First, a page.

Here are five jaw-dropping landmarks you need to check out the next time you are in Dubai

  • Dubai is known for its incredible vision and creative architectural feats.
  • The city is home to some amazing buildings and structures.
  • Here are five Dubai landmarks you need to check out the next time you are in Dubai.

Dubai is known for its incredible vision and creative architectural feats, so it’s no surprise that the city is home to some amazing buildings and structures.

Whether you’re a fan of awe-inspiring design, or just looking for a fantastic backdrop for your holiday snaps, these Dubai landmarks are all worth a visit.

Here are five Dubai landmarks you need to check out the next time you are in Dubai.

Burj Khalifa

The world’s tallest tower needs little introduction. The tower was designed by American architect Adrian Smith at Skidmore, Owings and Merrill to resemble the Hymenocallis or Spider Lily – a regional desert flower. Excavation began in January 2004 and six years later, the Burj Khalifa opened in January 2010.

Burj Khalifa’s lighting perfectly complements the character of the building as a simple and elegant structure.

The façade is hit by a series of stroboscopes, which can be individually programmed to chase up the tower or sparkle at random.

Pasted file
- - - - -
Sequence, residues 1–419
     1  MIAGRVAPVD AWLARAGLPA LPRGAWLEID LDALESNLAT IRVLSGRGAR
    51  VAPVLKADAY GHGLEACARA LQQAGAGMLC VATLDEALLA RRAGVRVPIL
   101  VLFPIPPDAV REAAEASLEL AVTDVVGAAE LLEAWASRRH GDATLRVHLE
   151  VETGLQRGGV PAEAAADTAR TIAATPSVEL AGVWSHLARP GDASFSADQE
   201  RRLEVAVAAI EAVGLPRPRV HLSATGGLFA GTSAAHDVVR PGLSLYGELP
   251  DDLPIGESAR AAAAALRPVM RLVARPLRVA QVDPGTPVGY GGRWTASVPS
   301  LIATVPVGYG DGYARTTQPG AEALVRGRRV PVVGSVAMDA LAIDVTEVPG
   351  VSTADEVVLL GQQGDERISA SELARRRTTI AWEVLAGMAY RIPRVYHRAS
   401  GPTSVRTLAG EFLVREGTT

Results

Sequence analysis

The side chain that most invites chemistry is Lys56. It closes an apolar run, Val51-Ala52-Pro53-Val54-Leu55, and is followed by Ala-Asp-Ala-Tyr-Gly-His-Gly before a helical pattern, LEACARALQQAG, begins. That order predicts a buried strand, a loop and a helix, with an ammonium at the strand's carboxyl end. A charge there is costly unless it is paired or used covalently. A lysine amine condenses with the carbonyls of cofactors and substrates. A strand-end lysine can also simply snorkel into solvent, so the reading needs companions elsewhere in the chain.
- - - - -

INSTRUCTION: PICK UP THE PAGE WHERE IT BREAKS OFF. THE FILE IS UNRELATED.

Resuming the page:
Palm Jumeirah

Palm Jumeriah is a man-made island formed in the shape of a palm tree. The world’s largest man-made island has forever transformed the map of Dubai.

Comprising of a two-kilometre-long trunk, a crown made up of 17 fronds and a surrounding crescent, Palm Jumeirah is home to some of Dubai’s most luxurious resorts, including Atlantis, The Palm Dubai and Jumeirah Zabeel Saray. It spans five square kilometres, adding 78 kilometres to Dubai’s coastline.

Dubai Opera

Located in Downtown Dubai, the city’s first multi-format performing arts theatre easily catches your eye with its iconic shape – that of a dhow, a traditional sailing vessel.

The building’s exquisite design was created by Janus Rostock and his team at Atkins, and has the exceptional ability to transform into three modes; from a theatre into a concert hall, and into a ‘flat floor’ mode becoming a banquet or event hall.

Dubai World Trade Centre

Dubai first high-rise building, the Dubai World Trade Centre has played a pivotal role in the growth of international trade for the Middle East.

The 39-storey landmark remains the largest purpose-built complex for events and exhibitions as well as an epicentre for business tourism in the region. It was designed by British architect John Harris and it’s also the building you see on the back of the AED 100 bank note.

Cayan Tower

The shimmering silver Cayan Tower twists 90 degrees as it rises. In an amazing feat of clever engineering, each of the 75 floors is rotated by 1.2 degrees to create the helix shape.

It is best viewed from across the water on the Dubai MarinaWalk to be able to fully appreciate the building’s beauty.

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